The Truth About The Big Bang Theory Apartment Building

For 12 seasons, the CBS sitcom, "The Big Bang Theory," entertained the public. The series showcased the daily antics of several research scientists, including roommates Sheldon Cooper (Jim Parsons) and Leonard Hofstadter (Johnny Galecki), along with their friends Howard Wolowitz (Simon Helberg) and Rajesh "Raj" Koothrappali (Kunal Nayyar). Nearly 18 million people watches the series conclusion of the show that ran from 2007 to 2019, according to Forbes, quoting Nielsen's ratings. 

"The Big Bang Theory" ended as the number one sitcom on television, a status it maintained for most of the last eight years of its run. During that time, much of the show's action occurred in Sheldon and Leonard's corner apartment, 4A. The space became a hub for the four friends and the people that come into their lives. Howard dubs it "Nerdvana" in the Season 1 episode "The Nerdvana Annihilation," in which Leonard buys a movie prop of a full-size time machine (via The Big Bang Theory website). 

Penny (Kaley Cuoco), Leonard's longtime love interest, lives across the hall in 4B until Season 7's final episode, "The Gorilla Dissolution," according to Today; that's when the two become engaged. Thereafter, Penny spends most of her time in 4A with Leonard and Sheldon until the two lovebirds move across the hall in "The 2003 Approximation" episode (as per IMDb). Throughout the show, the apartment building serves as the predominant setting of "The Big Bang Theory," and almost becomes a star itself.

The Big Bang Theory apartment's exact address is debated

Apartment 4A in "The Big Bang Theory" is supposedly located in a residential complex on 2311 North Los Robles Ave. in Pasadena, California — a fictional address, according to The publication also points out that fans believe the place was modeled after the real-life Brookmore Apartments because it features similar characteristics of the building, like the fact that the elevator is always broken and the stairwell circles around the lift's space. It even contains exposed brick, and physicists from the California Institute of Technology (see one of the school's buildings above) and NASA's Jet Propulsion Laboratory (where some of "Big Bang's" characters work) live there.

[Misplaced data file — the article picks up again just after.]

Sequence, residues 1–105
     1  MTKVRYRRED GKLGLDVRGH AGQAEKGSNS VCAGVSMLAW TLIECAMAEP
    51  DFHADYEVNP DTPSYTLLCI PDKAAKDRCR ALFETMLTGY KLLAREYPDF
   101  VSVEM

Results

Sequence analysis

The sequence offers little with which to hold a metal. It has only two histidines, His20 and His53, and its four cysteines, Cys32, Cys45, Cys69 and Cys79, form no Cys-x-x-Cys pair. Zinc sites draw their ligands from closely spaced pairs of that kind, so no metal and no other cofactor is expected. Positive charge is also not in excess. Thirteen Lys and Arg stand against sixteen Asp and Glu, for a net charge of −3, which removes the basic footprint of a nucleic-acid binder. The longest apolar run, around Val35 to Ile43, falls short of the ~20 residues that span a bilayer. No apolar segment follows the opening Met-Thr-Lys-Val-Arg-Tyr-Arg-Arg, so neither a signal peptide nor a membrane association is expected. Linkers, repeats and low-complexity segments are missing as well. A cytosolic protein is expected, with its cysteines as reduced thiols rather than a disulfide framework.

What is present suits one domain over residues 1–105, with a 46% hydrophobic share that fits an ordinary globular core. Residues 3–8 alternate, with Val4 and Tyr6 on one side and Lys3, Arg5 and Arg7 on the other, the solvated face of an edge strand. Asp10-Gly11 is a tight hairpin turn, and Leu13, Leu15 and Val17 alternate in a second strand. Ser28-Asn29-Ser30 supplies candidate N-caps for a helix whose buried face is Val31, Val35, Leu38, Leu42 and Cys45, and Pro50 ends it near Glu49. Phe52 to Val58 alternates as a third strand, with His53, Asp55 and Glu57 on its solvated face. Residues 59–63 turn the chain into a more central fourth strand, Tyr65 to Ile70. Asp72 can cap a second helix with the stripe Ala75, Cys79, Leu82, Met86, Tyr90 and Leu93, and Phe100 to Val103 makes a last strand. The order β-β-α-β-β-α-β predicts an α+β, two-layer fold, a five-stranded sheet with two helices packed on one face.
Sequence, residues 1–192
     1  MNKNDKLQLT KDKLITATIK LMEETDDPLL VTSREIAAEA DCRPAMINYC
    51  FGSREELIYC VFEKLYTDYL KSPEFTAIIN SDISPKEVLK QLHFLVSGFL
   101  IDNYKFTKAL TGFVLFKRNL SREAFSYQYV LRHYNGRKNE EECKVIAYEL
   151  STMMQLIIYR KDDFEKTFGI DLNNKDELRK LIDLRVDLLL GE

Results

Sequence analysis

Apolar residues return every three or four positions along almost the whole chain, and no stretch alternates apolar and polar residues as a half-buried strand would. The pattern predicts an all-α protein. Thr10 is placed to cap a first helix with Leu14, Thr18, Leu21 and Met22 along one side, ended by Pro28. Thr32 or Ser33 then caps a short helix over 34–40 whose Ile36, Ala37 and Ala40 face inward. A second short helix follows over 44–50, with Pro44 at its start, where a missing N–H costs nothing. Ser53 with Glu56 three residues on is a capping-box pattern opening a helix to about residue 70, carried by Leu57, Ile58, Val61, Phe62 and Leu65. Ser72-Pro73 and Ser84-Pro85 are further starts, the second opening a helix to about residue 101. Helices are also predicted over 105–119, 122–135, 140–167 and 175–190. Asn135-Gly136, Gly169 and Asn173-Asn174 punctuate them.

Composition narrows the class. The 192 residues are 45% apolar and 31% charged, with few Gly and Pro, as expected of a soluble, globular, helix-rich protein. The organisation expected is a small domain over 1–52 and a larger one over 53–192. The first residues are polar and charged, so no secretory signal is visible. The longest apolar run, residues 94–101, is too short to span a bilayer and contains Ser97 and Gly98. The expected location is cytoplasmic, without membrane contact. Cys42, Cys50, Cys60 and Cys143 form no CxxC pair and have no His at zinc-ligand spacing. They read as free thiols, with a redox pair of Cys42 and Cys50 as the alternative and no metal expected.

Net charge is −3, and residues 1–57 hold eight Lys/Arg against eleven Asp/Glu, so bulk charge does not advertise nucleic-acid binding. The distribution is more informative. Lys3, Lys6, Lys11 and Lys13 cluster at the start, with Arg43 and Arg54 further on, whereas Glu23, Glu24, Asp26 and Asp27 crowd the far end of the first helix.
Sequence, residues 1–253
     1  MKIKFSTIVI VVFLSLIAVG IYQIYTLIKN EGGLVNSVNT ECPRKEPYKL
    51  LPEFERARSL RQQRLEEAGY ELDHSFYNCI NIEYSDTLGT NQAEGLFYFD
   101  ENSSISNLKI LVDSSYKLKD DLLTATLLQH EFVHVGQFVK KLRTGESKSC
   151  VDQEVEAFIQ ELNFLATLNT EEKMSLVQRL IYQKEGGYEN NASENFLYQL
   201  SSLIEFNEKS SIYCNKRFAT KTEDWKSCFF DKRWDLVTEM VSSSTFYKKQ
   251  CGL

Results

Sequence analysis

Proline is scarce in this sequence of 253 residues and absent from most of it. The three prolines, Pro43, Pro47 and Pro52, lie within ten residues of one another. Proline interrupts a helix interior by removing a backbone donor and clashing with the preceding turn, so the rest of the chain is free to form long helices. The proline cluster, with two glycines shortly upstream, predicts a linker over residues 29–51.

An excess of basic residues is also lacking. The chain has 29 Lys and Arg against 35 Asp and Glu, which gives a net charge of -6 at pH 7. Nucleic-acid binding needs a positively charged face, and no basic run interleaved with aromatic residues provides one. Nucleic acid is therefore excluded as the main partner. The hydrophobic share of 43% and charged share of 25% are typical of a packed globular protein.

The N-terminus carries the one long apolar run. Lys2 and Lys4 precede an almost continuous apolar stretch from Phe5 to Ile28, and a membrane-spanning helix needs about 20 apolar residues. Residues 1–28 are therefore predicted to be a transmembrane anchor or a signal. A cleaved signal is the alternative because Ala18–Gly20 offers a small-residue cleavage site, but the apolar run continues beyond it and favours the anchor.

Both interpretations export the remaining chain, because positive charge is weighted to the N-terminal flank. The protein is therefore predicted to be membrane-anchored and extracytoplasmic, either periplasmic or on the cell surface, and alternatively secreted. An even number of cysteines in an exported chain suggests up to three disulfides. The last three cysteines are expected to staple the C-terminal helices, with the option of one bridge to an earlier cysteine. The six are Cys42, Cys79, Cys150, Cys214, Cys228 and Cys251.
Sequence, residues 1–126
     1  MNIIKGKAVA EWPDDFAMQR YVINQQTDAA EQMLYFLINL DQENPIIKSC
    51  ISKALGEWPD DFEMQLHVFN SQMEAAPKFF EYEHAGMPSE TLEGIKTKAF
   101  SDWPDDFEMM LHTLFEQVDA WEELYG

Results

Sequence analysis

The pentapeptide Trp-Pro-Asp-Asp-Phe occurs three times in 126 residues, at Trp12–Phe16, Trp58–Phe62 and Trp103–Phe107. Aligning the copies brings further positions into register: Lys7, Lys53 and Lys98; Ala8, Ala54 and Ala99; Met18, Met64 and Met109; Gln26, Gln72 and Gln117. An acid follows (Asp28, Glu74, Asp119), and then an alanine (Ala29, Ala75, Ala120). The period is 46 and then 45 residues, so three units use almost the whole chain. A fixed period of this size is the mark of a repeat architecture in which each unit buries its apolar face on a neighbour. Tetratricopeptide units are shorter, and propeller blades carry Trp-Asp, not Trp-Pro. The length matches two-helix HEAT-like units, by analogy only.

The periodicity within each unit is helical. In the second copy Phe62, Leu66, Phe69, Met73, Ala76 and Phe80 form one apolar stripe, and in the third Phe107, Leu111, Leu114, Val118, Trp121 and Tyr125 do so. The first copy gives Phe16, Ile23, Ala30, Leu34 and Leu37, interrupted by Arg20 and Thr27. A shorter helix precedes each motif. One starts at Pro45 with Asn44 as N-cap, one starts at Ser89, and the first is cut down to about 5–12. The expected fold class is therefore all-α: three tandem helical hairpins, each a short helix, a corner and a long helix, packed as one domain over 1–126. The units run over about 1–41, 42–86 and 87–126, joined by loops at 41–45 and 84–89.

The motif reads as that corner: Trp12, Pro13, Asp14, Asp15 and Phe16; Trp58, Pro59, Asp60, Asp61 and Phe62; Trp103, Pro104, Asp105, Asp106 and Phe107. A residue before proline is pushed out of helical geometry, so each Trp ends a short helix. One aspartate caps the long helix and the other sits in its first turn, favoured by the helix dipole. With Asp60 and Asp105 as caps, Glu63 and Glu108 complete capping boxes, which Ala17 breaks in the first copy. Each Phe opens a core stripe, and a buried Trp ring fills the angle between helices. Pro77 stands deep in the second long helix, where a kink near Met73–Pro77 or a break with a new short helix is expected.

Some followers of "The Big Bang Theory" noted that during an episode in Season 5 — "The Countdown Reflection," in which Howard and Bernadette get married on the building's rooftop as Google Earth captured them, summarized IMDb — satellite footage seems to indicate the apartment is actually on 215 South Madison Ave. That, of course, is just a trick of filming and not the fictional building's address. "I guess they just picked a random spot to use," Lindsay Blake said to "What they did was they took an aerial view, and they morphed it a little bit."

The Big Bang Theory apartment is not the same as the Friends apartment

While "The Big Bang Theory" and "Friends" share many similarities — they're both about a group of friends; the storylines take the characters through life stages, from being single to having families; and their homes contain much of the plot's actions — the sets are different. While the floor plans for the spaces both feature spacious living rooms and kitchens — like Monica (Courteney Cox) and Rachel's (Jennifer Aniston) apartment, perfect places for the scenes to unfold in — "The Big Bang Theory" and its spaces also seem a bit off. Their apartment, for instance, avoids right angles, according to Gadgets 360, making the room seem elongated and slightly askew.